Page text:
Tuesday, February 10, 2015

"Pirate Cosmopolitanism: P2P, Fansubbing, and Alternative Cultural Flow in China" at Pitt, February 13.



Dr. Jinying Li, of the University of Pittsburgh's Film Studies program, will present "Pirate Cosmopolitanism: P2P, Fansubbing, and Alternative Cultural Flow in China" on Friday, February 13. The abstract, via the Pitt Asian Studies Center:
In China, where the world's largest population is quickly getting wired, fansubbing—dubbed "zimuzu" in Chinese—has flourished among a burgeoning digital generation who is active in consuming a large amount of foreign media contents, mostly Hollywood movies and TV series, which are widely available on cyberspace in the form of free digital fansubs that are translated and distributed by fellow fans. This alternative, bottom-up cultural flow between Hollywood and China is rapidly gaining momentum in a media market that is subjected to both extensive information control by the state and suppressive IP enforcement by multinational corporations. This talk will address the political meanings of an imagined cosmopolitan community that is created through the self-organized communication platforms of fansubbing and p2p file sharing of media contents, and examine the changing power relations between global Hollywood, the Chinese state, and a new generation of consumers in the digital age.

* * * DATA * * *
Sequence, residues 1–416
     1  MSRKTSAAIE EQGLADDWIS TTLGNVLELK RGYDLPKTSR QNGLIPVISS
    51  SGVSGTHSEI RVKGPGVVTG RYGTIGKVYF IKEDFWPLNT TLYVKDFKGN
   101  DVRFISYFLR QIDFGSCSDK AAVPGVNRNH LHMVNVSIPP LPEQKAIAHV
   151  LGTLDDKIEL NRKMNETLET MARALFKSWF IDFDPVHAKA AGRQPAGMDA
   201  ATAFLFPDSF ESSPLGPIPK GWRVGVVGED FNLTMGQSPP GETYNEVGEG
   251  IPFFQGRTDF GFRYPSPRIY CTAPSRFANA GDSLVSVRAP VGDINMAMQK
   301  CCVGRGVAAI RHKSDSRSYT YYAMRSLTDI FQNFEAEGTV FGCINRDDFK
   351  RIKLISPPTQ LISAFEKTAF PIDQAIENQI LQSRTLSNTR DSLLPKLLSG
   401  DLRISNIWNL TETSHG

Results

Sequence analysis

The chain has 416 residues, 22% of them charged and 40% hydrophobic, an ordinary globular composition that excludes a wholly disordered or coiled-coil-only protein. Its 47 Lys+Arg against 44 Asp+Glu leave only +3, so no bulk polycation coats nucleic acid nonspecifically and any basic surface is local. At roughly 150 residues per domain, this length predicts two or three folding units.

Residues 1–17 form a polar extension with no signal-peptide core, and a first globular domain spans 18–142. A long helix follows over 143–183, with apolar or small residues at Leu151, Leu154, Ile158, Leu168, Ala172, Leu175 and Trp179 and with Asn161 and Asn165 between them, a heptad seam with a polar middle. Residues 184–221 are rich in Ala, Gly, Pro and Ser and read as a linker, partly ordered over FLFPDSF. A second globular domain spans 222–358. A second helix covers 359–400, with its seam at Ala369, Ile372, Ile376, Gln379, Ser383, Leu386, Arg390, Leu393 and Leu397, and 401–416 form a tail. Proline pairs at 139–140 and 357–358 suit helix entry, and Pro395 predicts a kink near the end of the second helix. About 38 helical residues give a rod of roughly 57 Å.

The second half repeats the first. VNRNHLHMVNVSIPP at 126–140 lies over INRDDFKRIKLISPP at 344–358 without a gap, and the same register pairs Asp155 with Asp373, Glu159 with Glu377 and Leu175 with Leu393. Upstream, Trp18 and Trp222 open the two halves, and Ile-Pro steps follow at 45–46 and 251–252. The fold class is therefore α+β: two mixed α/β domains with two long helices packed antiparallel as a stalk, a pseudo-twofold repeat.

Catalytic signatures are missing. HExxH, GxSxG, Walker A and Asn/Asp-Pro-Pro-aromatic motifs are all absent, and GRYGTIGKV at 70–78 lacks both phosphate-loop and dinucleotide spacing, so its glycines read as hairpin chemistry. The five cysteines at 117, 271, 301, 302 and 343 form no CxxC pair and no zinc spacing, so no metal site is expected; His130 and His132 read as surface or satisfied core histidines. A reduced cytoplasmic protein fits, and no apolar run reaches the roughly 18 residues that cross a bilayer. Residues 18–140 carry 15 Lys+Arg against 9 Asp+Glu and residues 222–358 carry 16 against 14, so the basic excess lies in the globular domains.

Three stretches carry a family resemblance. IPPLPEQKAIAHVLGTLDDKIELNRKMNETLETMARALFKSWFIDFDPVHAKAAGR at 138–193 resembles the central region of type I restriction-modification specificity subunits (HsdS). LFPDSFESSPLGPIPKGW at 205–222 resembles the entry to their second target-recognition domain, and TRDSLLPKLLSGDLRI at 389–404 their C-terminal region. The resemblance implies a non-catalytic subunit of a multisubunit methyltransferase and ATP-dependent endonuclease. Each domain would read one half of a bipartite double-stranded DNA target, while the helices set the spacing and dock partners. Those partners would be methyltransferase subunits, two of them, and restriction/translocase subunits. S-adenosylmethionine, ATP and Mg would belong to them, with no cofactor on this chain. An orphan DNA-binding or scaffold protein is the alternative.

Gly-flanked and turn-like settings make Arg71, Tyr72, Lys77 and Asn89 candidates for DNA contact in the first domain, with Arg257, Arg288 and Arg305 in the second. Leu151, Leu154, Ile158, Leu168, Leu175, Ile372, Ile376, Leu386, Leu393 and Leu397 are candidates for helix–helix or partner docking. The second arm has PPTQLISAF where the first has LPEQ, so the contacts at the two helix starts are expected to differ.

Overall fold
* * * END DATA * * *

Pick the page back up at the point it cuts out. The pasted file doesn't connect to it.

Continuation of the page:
The talk will begin at 4:00 pm in 4217 Posvar Hall (campus map), and is free and open to the public.

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